20. Myers J, Prakash M, Froelicher V, Do D, Partington S, Atwood JE. Exercise capacity and mortality among men referred for exercise testing. N Engl J Med. 2002;346:793–801. [PubMed]
21. Keteyian SJ, Brawner CA, Savage PD, Ehrman JK, Schairer J, Divine G, Aldred H, Ophaug K, Ades PA. Peak aerobic capacity predicts prognosis in patients with coronary heart disease. Am Heart J. 2008;156:292–300. [PubMed]
22. Blair SN, Kohl HW III, Barlow CE, Paffenbarger RS Jr, Gibbons LW, Macera CA. Changes in physical fitness and all-cause mortality. A prospective study of healthy and unhealthy men. JAMA. 1995;273:1093–1098. [PubMed]
23. Kokkinos P, Myers J, Faselis C, Panagiotakos DB, Doumas M, Pittaras A, Manolis A, Kokkinos JP, Karasik P, Greenberg M, Papademetriou V, Fletcher R. Exercise capacity and mortality in older men: a 20-year follow-up study. Circulation. 2010;122:790–797. [PubMed]
24. Helgerud J, Hoydal K, Wang E, Karlsen T, Berg P, Bjerkaas M, Simonsen T, Helgesen C, Hjorth N, Bach R, Hoff J. Aerobic high intensity intervals improve VO2max more than moderate training. Med Sci Sports Exerc. 2007;39:665–671. [PubMed]
25. Rognmo O, Hetland E, Helgerud J, Hoff J, Slordahl SA. High intensity aerobic interval exercise is superior to moderate intensity exercise for increasing aerobic capacity in patients with coronary artery disease. Eur J Cardiovasc Prev Rehabil. 2004;11:216–222. [PubMed]
26. Wisloff U, Stoylen A, Loennechen JP, Bruvold M, Rognmo O, Haram PM, Tjønna AE, Helgerud J, Slørdahl SA, Lee SJ, Videm V, Bye A, Smith GL, Najjar SM, Ellingsen O, Skjærpe T. Superior cardiovascular effect of aerobic interval training versus moderate continuous training in heart failure patients: a randomized study. Circulation. 2007;115:3086–3094. [PubMed]
27. Ciolac EG, Bocchi EA, Bortolotto LA, Carvalho VO, Greve JM, Guimarãs GV. Haemodynamic, metabolic, and neuro-humoral abormalities in young normotensive women at high familial risk for hypertension. J Hum Hypertens. 2010;24:814–822. [PubMed]
28. Ciolac EG, Bocchi EA, Greve JMD, Guimarães GV, editors. The post-effects of high-intensity aerobic interval vs. moderate continuous exercise on ambulatory blood pressure of young normotensive women at high familial risk for hypertension. Book of Abstracts; 7th EFSMA European Congress of Sports Medicine, 3rd Central European Congress of Physical Medicine and Rehabilitation; 2011; Salzburg. Düsseldorf: German Medical Science GMS Publishing House; 2011. p. 114.
29. Sharabi Y, Ben-Cnaan R, Hanin A, Martonovitch G, Grossman E. The significance of hypertensive response to exercise as a predictor of hypertension and cardiovascular disease. J Hum Hyperten. 2001;15:353–356. [PubMed]
30. Jouven X, Empana JP, Schwartz P, Desnos M, Courbon D, Ducimetiere P. Heart-rate profile during exercise as a predictor of sudden death. N Engl J Med. 2005;352:1951–1958. [PubMed]
31. Imai K, Sato H, Hori M, Kusuoka H, Ozaki H, Yokoyama H, Takeda H, Inoue M, Kamada T. Vagally mediated heart rate recovery after exercise is accelerated in athletes but blunted in patients with chronic heart failure. J Am Coll Cardiol. 1994;24:1529–1535. [PubMed]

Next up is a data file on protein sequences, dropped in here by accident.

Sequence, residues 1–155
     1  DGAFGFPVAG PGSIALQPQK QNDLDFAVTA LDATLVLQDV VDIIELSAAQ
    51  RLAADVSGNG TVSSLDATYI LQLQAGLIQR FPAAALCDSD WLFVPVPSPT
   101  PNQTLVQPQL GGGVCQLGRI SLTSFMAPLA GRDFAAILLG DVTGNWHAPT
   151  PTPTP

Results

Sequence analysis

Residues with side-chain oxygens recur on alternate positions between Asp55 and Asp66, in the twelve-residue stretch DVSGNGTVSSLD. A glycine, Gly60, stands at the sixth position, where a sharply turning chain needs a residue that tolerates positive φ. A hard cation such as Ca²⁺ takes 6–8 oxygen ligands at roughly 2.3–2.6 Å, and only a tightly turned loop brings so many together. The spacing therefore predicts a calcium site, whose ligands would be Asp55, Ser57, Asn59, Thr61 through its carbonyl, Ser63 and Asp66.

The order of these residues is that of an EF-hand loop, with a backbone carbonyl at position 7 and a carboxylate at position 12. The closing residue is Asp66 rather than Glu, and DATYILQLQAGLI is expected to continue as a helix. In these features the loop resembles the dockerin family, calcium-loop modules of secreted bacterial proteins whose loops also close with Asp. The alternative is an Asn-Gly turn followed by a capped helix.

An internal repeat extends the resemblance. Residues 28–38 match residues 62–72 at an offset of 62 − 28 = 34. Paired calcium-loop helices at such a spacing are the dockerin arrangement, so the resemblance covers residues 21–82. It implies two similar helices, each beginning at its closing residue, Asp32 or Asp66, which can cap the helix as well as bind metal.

32. Huang PH, Leu HB, Chen JW, Lin SJ. Heart rate recovery after exercise and endothelial function – two important factors to predict cardiovascular events. Prev Cardiol. 2005;8:167–172. [PubMed]
33. Fei DY, Arena R, Arrowood JA, Kraft KA. Relationship between arterial stiffness and heart rate recovery in apparently healthy adults. Vasc Health Risk Managem. 2005;1:85–89. [PMC free article] [PubMed]
34. Carnethon MR, Jacobs Jr DR, Sidney S, Liu K. Influence of autonomic nervous system dysfunction on the development of type 2 diabetes:the CARDIA study. Diabetes Care. 2003;26:3035–3041. [PubMed]
35. Myers J, Tan SY, Abella J, Aleti V, Froelicher VF. Comparison of the chronotropic response to exercise and heart rate recovery in predicting cardiovascular mortality. Eur J Cardiovasc Prev Rehabil. 2007;14:215–221. [PubMed]
36. Benetos A, Adamopoulos C, Bureau JM, Temmar M, Labat C, Bean K, Thomas F, Pannier B, Asmar R, Zureik M, Safar M, Guize L. Determinants of accelerated progression of arterial stiffness in normotensive subjects and in treated hypertensive subjects over a 6-Year period. Circulation. 2002;105:1202–1207. [PubMed]
37. Kucerová J, Filipovsky J, Staessen JA, Cwynar M, Wojciechowska W, Stolarz K, Kuznetsova T, Gasowski J, Dolejsová M, Grodzicki T, Kawecka-Jaszcz K, Fagard R. Arterial characteristics in normotensive offspring of parents with or without a history of hypertension. Am J Hypertens. 2006;19:264–269. [PubMed]
38. Laurent S, Boutouyrie P, Asmar R, Gautier I, Laloux B, Guize L, Ducimetiere P, Benetos A. Aortic stiffness is an independent predictor of all-cause and cardiovascular mortality in hypertensive patients. Hypertension. 2001;37:1236–1241. [PubMed]
39. Tanaka H, Dinenno FA, Monahan KD, Clevenger CM, DeSouza CA, Seals DR. Aging, habitual exercise, and dynamic arterial compliance. Circulation. 2000;102:1270–1275. [PubMed]
40. Ferrier KE, Waddell TK, Gatzka CD, Cameron JD, Dart AM, Kingwell BA. Aerobic exercise training does not modify large-artery compliance in isolated systolic hypertension. Hypertension. 2001;38:222–226. [PubMed]
41. Seals DR, Tanaka H, Clevenger CM, Monahan KD, Reiling MJ, Hiatt WR, Davy KP, DeSouza CA. Blood pressure reductions with exercise and sodium restriction in postmenopausal women with elevated systolic pressure: role of arterial stiffness. J Am Coll Cardiol. 2001;38:506–513. [PubMed]
42. Zieman SJ, Melenovsky V, Kass DA. Mechanism, pathophysiology, and therapy of arterial stiffness. Artherioscler Thromb Vasc Biol. 2005;25:932–943. [PubMed]

Articles from American Journal of Cardiovascular Disease are provided here courtesy of e-Century Publishing Corporation